“All of the girls were so excited to teach rugby to someone,” McCravey recalls. “They would always help me so much and pull me aside and tell me things and I was just trying to keep an open mind and take in any information people were willing to give me.”
Her passing practice helped.
“That was my saving grace.”
The following spring, in May of 2018, she officially joined the team. A year after that – and still only 16 months removed from her European deployment, she made her debut on the World Rugby Sevens Series in Sydney (Feb. 1-3, 2019). She would end up playing in five matches that season, which included being part of the USA’s first-ever Cup-winning performance in Biarritz, France.
“Standing for the national anthem in France before that Cup final – that was my favourite rugby moment ever,” she says. “Nothing pumps me up like a good national anthem.”
So far this year, she has played in Glendale, where she got to hear The Star Spangled Banner again as the Americans won a second straight Cup, and in Cape Town.
“Kasey is very consistent,” says USA women’s Sevens coach Chris Brown. “She’s new to the game but in terms of her application and how she carries herself, she’s very consistent. That’s huge for our culture.
“What she’s done to learn the sport shows her character and how coachable she is and how quickly she picks things up.”
In her short time with the program, she’s been both a steadying force and a sponge.
“I think Kasey is a born leader,” says USA teammate Ilona Maher. “She doesn’t get heated. She speaks with facts. I love listening to her. But at the same time, she’s so open to learning from others.”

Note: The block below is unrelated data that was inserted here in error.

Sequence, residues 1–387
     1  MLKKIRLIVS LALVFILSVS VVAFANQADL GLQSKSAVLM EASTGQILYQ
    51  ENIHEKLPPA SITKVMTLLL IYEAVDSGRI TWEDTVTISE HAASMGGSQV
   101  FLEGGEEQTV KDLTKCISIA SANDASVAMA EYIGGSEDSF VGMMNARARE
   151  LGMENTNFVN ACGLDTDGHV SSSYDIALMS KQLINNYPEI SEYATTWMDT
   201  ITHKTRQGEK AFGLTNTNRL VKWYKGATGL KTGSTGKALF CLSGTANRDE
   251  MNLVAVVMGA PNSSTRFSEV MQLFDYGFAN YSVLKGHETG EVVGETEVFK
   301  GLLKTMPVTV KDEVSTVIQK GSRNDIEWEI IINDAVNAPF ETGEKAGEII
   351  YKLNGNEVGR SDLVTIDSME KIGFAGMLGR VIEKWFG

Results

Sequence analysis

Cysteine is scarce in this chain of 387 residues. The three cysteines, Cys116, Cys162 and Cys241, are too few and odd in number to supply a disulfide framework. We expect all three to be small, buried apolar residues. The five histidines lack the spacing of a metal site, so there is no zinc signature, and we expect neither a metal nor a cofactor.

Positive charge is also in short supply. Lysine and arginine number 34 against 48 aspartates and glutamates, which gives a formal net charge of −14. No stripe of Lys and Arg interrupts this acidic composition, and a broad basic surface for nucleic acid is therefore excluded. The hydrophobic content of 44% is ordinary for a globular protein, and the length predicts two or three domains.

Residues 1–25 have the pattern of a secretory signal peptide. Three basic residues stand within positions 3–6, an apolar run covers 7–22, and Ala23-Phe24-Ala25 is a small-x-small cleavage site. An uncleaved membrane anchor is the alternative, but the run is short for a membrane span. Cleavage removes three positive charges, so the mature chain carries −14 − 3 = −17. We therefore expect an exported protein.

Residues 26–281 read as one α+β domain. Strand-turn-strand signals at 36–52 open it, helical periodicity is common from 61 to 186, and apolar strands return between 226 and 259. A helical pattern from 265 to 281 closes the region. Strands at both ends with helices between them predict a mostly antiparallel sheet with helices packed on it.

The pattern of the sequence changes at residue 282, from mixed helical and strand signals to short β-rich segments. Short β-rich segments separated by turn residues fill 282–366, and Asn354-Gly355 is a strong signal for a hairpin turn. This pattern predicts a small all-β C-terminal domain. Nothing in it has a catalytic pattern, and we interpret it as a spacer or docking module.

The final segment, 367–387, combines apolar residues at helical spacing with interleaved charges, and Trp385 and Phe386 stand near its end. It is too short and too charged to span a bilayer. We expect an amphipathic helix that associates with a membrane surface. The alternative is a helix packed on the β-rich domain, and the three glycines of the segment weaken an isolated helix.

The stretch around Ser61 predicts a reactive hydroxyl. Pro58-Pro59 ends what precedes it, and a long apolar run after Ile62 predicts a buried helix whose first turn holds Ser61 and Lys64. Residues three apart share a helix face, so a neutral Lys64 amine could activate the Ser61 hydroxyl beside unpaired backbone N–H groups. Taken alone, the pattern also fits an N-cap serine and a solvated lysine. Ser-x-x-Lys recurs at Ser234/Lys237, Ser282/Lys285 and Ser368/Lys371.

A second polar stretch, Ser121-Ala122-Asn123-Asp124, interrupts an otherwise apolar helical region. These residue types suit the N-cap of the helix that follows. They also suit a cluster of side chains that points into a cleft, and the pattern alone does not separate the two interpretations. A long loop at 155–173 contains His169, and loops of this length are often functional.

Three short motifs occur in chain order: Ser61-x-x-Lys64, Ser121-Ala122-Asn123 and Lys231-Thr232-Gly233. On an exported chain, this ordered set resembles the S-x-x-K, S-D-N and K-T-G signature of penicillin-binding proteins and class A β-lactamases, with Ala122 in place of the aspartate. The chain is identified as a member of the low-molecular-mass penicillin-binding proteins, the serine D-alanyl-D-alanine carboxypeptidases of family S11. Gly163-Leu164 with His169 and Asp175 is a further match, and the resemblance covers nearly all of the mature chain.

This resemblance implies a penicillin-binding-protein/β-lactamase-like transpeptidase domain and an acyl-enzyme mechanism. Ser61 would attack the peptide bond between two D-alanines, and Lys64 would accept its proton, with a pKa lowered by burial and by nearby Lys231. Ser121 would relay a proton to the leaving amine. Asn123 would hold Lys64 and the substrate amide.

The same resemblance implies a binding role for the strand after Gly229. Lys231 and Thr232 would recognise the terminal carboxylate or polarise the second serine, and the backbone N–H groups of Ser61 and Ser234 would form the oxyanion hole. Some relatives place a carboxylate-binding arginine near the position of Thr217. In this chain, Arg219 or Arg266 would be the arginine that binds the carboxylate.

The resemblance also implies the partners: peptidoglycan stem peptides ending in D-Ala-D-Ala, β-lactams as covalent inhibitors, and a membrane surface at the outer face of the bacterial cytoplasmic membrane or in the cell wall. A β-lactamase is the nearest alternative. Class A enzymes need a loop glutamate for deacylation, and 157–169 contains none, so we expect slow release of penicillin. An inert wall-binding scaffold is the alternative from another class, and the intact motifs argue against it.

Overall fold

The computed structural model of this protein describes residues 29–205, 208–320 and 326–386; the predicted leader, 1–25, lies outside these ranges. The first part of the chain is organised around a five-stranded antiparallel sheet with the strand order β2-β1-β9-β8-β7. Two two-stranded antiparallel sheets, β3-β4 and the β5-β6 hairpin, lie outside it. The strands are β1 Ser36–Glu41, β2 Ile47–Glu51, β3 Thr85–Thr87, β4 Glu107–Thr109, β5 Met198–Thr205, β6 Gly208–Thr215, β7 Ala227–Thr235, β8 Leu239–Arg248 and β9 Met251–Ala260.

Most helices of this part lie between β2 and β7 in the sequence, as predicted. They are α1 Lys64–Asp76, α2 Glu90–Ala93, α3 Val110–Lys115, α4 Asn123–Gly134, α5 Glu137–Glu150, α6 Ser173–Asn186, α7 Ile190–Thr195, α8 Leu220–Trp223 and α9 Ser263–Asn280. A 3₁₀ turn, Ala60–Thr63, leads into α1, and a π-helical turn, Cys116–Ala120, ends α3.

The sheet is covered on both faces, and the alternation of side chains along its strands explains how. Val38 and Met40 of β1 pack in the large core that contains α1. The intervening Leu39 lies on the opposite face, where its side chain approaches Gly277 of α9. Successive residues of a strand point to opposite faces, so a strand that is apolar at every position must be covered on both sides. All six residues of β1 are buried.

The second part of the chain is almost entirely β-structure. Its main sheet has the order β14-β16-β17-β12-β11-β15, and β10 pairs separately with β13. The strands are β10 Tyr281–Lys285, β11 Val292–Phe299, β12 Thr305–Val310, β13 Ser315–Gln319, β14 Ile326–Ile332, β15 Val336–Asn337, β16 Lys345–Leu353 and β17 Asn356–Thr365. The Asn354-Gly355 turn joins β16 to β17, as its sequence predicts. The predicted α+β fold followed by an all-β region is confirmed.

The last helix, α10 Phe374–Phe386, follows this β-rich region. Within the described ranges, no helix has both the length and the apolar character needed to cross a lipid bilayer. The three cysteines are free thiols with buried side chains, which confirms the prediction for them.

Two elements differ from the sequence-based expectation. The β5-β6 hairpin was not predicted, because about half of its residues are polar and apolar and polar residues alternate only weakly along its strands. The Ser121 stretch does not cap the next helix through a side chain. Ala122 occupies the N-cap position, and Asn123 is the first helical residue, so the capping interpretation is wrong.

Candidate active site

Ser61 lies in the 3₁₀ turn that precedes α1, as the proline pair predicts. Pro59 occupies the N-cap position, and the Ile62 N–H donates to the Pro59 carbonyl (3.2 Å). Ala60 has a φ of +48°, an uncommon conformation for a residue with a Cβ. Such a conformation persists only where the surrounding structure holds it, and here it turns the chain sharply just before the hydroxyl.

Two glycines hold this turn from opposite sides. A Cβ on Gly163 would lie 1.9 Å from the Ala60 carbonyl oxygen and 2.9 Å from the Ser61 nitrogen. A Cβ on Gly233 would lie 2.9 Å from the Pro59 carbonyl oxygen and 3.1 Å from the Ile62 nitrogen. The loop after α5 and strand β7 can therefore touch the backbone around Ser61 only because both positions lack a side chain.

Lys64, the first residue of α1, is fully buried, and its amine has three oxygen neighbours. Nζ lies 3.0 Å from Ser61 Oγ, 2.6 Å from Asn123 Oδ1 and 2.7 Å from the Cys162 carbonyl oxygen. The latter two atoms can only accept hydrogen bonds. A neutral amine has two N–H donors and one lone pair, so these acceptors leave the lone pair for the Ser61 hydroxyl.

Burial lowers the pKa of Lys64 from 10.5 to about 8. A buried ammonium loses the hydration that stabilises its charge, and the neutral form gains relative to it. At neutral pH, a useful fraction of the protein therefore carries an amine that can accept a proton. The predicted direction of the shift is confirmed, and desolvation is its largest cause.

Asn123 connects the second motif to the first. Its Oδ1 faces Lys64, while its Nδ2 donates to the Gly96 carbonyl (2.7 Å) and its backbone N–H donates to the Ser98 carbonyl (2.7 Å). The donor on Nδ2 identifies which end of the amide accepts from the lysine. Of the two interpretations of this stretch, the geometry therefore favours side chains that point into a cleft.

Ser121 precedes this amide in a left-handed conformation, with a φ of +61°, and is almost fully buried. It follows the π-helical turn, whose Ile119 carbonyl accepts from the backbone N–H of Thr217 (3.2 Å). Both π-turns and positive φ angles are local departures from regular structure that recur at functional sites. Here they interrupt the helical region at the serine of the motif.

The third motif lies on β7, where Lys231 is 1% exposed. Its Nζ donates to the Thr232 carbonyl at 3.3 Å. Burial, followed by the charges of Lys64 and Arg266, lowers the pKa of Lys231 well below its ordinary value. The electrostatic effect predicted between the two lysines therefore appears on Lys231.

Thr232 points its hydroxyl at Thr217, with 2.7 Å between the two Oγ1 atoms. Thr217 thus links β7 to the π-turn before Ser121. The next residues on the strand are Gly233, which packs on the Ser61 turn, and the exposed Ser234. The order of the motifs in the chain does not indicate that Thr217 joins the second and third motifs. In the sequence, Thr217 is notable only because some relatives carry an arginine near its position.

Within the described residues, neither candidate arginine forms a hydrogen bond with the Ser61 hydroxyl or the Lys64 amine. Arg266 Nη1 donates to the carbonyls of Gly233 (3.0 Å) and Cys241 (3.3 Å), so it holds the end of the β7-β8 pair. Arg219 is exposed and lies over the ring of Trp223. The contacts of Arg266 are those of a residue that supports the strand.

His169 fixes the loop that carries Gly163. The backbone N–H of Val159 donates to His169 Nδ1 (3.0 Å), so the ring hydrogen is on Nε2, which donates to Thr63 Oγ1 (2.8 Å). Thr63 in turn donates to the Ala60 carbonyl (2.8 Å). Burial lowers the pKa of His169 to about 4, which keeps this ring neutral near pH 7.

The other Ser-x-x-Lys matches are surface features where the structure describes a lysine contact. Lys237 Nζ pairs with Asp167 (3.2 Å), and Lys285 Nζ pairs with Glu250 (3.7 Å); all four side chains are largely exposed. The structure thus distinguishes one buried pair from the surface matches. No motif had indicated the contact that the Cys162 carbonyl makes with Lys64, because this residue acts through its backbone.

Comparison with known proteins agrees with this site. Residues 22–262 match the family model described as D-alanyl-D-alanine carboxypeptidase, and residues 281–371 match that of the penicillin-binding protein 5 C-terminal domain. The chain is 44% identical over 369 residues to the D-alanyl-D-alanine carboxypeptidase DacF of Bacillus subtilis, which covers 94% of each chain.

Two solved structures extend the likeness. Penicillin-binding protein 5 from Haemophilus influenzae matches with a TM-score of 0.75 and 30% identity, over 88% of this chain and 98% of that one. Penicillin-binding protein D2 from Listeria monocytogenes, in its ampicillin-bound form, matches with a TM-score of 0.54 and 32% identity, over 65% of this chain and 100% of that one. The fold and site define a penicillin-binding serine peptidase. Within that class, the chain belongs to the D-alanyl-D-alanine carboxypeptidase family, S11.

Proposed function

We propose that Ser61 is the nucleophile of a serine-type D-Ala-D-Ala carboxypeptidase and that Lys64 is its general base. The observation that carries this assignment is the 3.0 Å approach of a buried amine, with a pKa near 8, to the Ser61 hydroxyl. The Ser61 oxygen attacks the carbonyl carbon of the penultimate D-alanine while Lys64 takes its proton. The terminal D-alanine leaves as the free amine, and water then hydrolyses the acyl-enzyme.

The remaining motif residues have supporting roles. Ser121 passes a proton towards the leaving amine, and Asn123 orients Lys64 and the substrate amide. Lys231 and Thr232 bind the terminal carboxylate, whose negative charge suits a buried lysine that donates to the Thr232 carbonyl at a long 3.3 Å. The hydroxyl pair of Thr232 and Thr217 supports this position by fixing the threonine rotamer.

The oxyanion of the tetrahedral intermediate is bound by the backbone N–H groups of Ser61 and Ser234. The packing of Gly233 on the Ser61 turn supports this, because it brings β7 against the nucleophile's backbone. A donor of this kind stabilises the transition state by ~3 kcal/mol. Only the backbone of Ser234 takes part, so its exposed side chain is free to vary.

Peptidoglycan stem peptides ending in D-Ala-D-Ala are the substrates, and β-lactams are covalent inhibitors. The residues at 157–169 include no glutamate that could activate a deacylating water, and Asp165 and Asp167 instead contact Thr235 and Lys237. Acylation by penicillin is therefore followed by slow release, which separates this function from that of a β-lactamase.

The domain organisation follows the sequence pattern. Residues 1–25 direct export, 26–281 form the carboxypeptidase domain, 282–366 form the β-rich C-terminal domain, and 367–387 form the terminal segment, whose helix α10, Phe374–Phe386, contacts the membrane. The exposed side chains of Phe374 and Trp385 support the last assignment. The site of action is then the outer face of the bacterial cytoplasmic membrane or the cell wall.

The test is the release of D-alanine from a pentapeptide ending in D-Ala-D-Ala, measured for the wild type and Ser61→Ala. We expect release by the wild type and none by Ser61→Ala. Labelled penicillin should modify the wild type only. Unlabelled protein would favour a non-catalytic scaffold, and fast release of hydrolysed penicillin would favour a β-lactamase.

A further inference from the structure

Fellow teammate Nicole Heavirland describes her in one word.
“Reliable – on and off the field.”
The veteran of 120 matches on the world series explains:
“It’s, 2 a.m. and you’re like, ‘Hey Kasey, can you pick me up?’ I know she’d be there. 100 per cent she’d be there.” (N.B.: Teammate Alev Kelter quickly chimes in, asking when Heavirland would ever be up at 2 a.m., to which the early-to-bed Nicole agreed the situation was rather hypothetical, albeit true).
“On the field, she’s very versatile – it seems she can pretty much play any position.”
Brown suggests that realizing her full potential is just a matter of playing more rugby. It seems her Sportscenter moment was a signal of that very potential.
“She’s creative and instinctive,” Brown says. “Her ability to beat players one-on-one and create opportunities for others is very, very good. Her upside comes with a little bit more consistency of execution. I think we know what we have in her. Now it’s the consistency of making good decisions and knowing how to exploit something in the moment.”
This summer, McCravey could realize her childhood dream. By that time, she could literally be a Captain playing rugby for her country in the 50,000-seat Tokyo Stadium.
“I’m so blessed to be able to represent the United States in a military uniform as well as repping it for the country in an athletic setting,” says McCravey, who will return to duty after this summer. “I get chills every time. What is my life? I can’t express in words how honoured I am to be in this position.”
Kasey’s life is definitely different from yours.